Not all was gloom though.  Look!  We were walking with friends.  And in the end, the sun came out, and we were able to turn our backs on the damp unfriendly fog.

If only politics were so simple.  Happy Christmas everyone.

Snapshot Saturday: up – and down – in the Yorkshire Dales

If you go walking in the Yorkshire Dales, you won’t avoid a few ups and downs.  And not just the hills either.  There’s a small matter of stiles to be climbed to get over all those drystone walls.

Near Kettlewell, Yorkshire.

This post is in response to this weeks WordPress Photo Challenge: Ascend

The multi-tasking Handlebards

This is the scenery near Leyburn in Wensleydale. This is Bolton Castle.

Bolton Castle, Wensleydale.

Imagine sitting in the grounds of this 14th century castle as evening draws in, a picnic beside you, to watch The Handlebards’ version of Shakespeare’s  ‘As You Like It’.  You know this will be no ordinary performance.  The Handlebards are four female actors who cycle the length and breadth of the kingdom, with all they need for the tour crammed into two bicycle carriers. At each performance, they take every part in Shakespeare’s comedy of bizarre mistaken identity, family breakdown, love and lust.

So far so good.  But this is England in July.  We’d had two days of almost incessant rain.  In a downpour, the Handlebards cycled the 26 (mainly uphill) miles from Ripon, where they’d performed at the Workhouse Museum.

The Castle has a Great Hall.  Performing here rather than on a soggy greensward seemed a better idea in the circumstances.  And it was.  During the evening it rained.  And then rained again.  The audience never noticed a thing.  We were too busy admiring the way four women became twenty or more people.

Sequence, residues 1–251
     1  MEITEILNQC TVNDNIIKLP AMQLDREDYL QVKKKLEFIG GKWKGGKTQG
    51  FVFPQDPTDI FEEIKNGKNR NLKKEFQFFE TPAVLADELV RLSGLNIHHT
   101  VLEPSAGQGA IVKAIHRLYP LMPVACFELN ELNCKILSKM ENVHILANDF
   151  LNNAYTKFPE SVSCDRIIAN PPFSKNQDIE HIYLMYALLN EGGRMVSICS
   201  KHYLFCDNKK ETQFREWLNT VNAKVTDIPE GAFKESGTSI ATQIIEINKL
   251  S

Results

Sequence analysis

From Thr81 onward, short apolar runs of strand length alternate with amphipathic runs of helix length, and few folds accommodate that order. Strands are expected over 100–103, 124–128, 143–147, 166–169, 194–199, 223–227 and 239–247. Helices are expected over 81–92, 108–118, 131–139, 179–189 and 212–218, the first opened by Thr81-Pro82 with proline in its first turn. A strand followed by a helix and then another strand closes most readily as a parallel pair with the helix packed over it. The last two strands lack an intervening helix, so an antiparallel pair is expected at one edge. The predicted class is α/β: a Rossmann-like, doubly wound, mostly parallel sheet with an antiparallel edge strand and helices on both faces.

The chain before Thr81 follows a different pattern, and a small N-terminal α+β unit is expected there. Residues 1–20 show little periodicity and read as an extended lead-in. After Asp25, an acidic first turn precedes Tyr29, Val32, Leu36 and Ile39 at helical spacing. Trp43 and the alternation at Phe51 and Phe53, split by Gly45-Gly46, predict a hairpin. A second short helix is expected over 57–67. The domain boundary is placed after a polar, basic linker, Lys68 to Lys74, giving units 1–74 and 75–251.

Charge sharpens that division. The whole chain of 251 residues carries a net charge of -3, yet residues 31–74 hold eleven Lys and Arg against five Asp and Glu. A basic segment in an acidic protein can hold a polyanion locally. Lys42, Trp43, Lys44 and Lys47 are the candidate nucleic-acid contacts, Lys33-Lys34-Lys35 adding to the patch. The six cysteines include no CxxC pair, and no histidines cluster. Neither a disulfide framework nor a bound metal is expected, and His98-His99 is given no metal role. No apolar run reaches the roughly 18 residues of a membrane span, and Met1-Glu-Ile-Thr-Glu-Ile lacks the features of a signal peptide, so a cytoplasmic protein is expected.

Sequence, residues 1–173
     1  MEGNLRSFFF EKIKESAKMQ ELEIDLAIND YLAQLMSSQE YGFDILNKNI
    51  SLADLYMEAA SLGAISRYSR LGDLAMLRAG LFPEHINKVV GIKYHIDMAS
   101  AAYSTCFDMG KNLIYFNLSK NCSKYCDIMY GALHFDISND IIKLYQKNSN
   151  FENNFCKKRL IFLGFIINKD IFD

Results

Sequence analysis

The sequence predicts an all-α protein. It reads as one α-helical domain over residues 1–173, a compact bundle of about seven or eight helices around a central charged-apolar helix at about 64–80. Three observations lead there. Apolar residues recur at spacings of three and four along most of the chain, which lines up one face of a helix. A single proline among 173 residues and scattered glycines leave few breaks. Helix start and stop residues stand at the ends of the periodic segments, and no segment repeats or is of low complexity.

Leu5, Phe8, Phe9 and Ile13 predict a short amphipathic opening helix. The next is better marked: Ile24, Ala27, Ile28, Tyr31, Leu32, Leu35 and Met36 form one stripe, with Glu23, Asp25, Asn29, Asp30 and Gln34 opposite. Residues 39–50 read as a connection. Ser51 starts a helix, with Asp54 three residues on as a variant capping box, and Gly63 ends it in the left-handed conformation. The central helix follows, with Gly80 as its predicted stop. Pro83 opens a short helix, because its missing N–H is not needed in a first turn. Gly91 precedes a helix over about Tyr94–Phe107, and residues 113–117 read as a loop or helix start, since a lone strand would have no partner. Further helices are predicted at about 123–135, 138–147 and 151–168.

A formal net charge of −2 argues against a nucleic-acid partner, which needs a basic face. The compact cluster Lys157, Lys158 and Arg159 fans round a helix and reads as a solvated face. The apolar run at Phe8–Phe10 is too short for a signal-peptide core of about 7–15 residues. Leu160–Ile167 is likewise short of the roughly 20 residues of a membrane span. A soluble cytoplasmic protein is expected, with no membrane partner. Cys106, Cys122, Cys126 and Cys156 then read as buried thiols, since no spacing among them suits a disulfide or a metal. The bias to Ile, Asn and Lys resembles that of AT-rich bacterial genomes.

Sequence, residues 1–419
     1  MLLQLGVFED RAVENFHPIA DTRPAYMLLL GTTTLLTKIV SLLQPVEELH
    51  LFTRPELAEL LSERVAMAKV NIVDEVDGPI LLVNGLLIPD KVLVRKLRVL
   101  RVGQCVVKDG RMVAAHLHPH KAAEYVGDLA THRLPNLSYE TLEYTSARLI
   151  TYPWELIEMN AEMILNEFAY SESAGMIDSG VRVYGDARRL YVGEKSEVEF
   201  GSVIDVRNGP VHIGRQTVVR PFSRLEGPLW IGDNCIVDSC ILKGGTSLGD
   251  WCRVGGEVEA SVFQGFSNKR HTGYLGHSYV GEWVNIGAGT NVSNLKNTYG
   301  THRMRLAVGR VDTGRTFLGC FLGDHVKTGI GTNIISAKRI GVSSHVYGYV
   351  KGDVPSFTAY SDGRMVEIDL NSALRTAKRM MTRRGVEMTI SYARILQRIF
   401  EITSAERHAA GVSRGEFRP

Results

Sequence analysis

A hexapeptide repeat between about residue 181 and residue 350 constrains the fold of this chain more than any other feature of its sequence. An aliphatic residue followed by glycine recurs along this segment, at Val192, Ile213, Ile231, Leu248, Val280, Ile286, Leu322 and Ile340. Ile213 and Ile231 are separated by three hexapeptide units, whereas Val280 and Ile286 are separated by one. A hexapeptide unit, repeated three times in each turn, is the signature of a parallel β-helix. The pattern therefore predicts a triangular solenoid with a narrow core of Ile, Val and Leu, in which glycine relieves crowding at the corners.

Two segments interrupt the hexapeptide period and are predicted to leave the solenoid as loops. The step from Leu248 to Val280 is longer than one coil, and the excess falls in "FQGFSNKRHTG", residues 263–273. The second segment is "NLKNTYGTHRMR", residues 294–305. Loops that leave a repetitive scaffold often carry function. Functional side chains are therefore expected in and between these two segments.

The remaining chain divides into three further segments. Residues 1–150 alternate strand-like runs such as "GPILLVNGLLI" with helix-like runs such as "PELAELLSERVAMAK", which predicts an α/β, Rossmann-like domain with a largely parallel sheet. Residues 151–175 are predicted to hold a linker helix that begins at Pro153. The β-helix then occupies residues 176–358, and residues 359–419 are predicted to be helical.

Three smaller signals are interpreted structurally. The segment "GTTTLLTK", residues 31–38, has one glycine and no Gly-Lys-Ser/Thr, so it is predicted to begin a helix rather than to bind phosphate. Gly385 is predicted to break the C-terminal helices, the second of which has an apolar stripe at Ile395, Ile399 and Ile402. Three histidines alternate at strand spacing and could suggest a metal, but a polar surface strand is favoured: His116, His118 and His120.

A simple, but infinitely adaptable stage set.

To become a man, all they had to do was don a codpiece adorned with a tennis or cricket ball.  A selection of hats served to distinguish one character from another.  Bicycle handlebars identified the wearers as sheep. Your character needs to disappear stage right to enter stage left as someone else?  Easy.  Leave the person whom you were addressing in charge of your hat, and s/he will continue to talk to it.  With the flourish of a stick, a youth became faithful, ancient Adam.  Orlando and his family were all twoubled by an inability to pwonounce the letter ‘r’.  And so it went on, as one inventive twist or piece of slapstick followed another.  Shakespeare would have loved it.

This is the only photo I have of the Handlebards, and it’s out of focus at that. They take a bow as we give them a more than enthusiastic standing ovation.

I’m now a Handlebards groupie.  And the fun doesn’t end here.  In other venues, having travelled there on other bicycles, a troupe of male actors is giving similarly irreverent treatment to ‘A Midsummer Night’s Dream’.  We’re on the mailing list.

The rain let up a bit in the interval. Here’s the view.